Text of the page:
1. As soon as you realized that you're being pulled over, activate your vehicle's four-way hazard lights. This tells the officer that you are aware that they are there and that you are complying with his or her request to pull over. Do not drive erratically, speed up, or attempt to elude the officer.

2. Drive safely to the nearest public area or police station. These are locations where police impersonators are less likely to engage victims. If it is nighttime, make sure the area is well lit.

3. If you have a cell phone, dial 911 and ask the dispatcher to verify that an officer attempting to pull you over. If the 911 operator verifies your vehicle description and your location, stop immediately for the officer.

4.If the unmarked cruiser is operated by a plainclothes officer, you may request that a uniformed officer respond to the scene. Remember to be polite and non-threatening.

For more tips on what to do during a traffic stop, AOL correspondent Kevin Ransom recently interviewed an experienced officer.

Unmarked Police Cars

Know The Law

It pays to know your local laws and policies regarding unmarked police vehicles. For example, in Los Angeles, the LAPD's official policy is that unmarked vehicles may not perform a traffic stop. If an officer in an unmarked vehicle wishes to pull over a citizen, they must radio for a "black and white" with a uniformed officer to perform this task.

The LAPD's Officer Williams said, "A marked cruiser makes it obvious to the citizen that they are being pulled over by an official police vehicle. They can't then use the excuse, 'I didn't know' or 'I was afraid to stop.'"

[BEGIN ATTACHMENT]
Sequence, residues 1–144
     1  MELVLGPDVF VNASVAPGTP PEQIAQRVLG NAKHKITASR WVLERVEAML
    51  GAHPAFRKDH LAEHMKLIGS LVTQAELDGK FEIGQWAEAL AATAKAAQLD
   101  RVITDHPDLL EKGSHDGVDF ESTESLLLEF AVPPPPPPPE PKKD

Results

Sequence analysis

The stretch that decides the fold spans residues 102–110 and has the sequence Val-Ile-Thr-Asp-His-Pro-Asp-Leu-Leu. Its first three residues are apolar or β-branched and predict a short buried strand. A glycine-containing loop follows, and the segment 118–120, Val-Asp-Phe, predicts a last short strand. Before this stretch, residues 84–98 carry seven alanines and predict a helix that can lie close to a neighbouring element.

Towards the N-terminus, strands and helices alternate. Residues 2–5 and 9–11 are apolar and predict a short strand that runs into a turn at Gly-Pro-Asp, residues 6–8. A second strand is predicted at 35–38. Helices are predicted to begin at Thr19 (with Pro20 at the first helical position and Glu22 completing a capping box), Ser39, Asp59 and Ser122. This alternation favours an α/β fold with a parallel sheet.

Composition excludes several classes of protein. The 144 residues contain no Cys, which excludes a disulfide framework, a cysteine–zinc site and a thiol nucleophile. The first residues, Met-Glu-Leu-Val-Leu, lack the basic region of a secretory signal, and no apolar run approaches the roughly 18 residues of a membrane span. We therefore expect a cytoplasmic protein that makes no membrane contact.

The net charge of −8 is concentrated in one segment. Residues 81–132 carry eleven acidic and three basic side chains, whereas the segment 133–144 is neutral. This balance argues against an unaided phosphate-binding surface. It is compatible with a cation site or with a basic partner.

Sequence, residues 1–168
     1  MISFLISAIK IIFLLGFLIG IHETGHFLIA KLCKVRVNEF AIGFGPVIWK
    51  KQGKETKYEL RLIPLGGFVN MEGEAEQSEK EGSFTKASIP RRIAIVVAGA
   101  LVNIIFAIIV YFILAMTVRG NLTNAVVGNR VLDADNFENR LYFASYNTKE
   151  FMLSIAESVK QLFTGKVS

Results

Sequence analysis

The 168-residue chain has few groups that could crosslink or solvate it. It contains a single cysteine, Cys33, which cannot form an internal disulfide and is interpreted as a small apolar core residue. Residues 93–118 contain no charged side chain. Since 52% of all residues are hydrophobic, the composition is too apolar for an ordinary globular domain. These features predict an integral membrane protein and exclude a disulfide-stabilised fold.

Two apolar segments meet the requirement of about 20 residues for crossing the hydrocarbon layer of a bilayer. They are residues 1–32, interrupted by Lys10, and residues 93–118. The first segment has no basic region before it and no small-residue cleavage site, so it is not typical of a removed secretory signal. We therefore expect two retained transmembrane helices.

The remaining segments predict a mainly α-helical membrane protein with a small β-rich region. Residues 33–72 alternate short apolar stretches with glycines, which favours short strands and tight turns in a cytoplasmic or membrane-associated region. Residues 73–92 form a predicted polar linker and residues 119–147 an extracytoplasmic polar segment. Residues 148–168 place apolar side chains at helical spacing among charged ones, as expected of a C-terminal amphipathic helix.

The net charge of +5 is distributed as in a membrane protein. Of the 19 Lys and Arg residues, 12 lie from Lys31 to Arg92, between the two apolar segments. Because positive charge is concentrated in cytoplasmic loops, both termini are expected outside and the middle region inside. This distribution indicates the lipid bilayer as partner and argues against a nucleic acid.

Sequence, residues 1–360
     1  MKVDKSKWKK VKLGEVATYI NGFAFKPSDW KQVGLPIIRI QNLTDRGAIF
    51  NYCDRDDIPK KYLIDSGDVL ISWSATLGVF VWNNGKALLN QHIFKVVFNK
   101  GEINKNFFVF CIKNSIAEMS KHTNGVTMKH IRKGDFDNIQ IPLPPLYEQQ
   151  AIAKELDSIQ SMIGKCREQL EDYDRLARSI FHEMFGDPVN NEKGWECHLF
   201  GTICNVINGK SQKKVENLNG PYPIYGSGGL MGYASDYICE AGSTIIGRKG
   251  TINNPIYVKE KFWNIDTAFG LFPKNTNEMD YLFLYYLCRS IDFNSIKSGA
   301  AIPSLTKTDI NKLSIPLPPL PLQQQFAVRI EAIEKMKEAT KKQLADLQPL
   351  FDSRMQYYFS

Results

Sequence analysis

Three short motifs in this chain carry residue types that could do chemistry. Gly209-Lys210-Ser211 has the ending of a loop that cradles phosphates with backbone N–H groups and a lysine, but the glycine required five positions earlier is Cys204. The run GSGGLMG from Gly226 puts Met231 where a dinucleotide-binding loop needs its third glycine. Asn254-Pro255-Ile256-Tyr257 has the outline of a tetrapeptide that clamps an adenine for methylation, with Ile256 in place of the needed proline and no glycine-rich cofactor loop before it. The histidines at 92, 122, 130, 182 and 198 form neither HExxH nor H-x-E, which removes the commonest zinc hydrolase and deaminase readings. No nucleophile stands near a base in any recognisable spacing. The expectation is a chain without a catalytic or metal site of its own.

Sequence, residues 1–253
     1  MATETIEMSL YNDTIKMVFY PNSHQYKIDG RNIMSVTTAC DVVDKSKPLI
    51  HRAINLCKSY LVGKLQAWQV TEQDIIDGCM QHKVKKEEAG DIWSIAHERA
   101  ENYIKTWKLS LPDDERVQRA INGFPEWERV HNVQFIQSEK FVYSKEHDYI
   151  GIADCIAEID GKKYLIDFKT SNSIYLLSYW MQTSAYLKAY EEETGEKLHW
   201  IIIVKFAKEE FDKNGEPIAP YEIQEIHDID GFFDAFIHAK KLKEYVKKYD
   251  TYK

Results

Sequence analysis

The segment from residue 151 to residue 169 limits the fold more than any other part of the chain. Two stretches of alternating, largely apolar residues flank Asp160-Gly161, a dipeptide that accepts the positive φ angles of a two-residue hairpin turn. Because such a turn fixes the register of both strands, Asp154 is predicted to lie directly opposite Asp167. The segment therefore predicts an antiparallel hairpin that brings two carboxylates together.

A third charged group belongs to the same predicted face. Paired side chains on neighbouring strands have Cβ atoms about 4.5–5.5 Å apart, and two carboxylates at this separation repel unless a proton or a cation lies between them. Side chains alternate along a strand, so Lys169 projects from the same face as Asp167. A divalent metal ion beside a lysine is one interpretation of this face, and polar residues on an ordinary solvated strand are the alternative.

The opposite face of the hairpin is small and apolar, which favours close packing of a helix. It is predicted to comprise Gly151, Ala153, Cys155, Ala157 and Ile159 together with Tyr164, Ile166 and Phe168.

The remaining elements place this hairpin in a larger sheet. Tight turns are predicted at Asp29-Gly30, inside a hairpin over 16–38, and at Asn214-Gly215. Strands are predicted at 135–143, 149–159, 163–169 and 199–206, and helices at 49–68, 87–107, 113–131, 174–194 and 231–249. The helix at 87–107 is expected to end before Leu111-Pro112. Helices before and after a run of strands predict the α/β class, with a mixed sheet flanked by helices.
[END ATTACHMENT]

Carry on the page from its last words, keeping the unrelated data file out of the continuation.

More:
Lauren's urban legend claims the young woman dials 112, #667, or #77. These numbers are claimed to be unadvertised, direct-dial speed dials that automatically connect a caller to the nearest police dispatch operator.

None of these numbers work nationwide. However, some states do have unique, specific phone numbers that motorists can use to contact law enforcement. A list can be found here.

Generally, police agencies recommend drivers just dial 911 to confirm that they are being pulled over by legitimate officer.

Modern Unmarked Traffic-Enforcement Cars

Officer Zielinski showed us an unconventional patrol car that Grosse Pointe Farms recently put into service. The Mustang GT is a 2009 model with a 4.6-liter V-8. The Mustang's gray paint, aluminum wheels, black racing stripes and hood scoop make the car look totally civilian, until its special lighting package fires up.

High-intensity LED lamps are mounted behind the windshield, in the grille, and on the exterior mirrors. Additional LEDs are mounted in the rear window and by the rear taillights to alert traffic approaching from the rear. The colors are brilliant blue, red and white.

Unlike the four-way flashers that are standard on civilian vehicles, the lights on police vehicle flash alternately between the left and right sides. Civilian hazard flashers blink in parallel, with the left- and right-side lamps flashing together. Additionally, the lights on modern covert police vehicles are much brighter than standard automotive lamps.

Officer Zielinski is one of the officers assigned to the Mustang GT. "We wanted to make our patrol car identifiable from up close. Because of that, we added the 'police' ID to the hood scoop so that people can easily read the word when we pull them over." How courteous.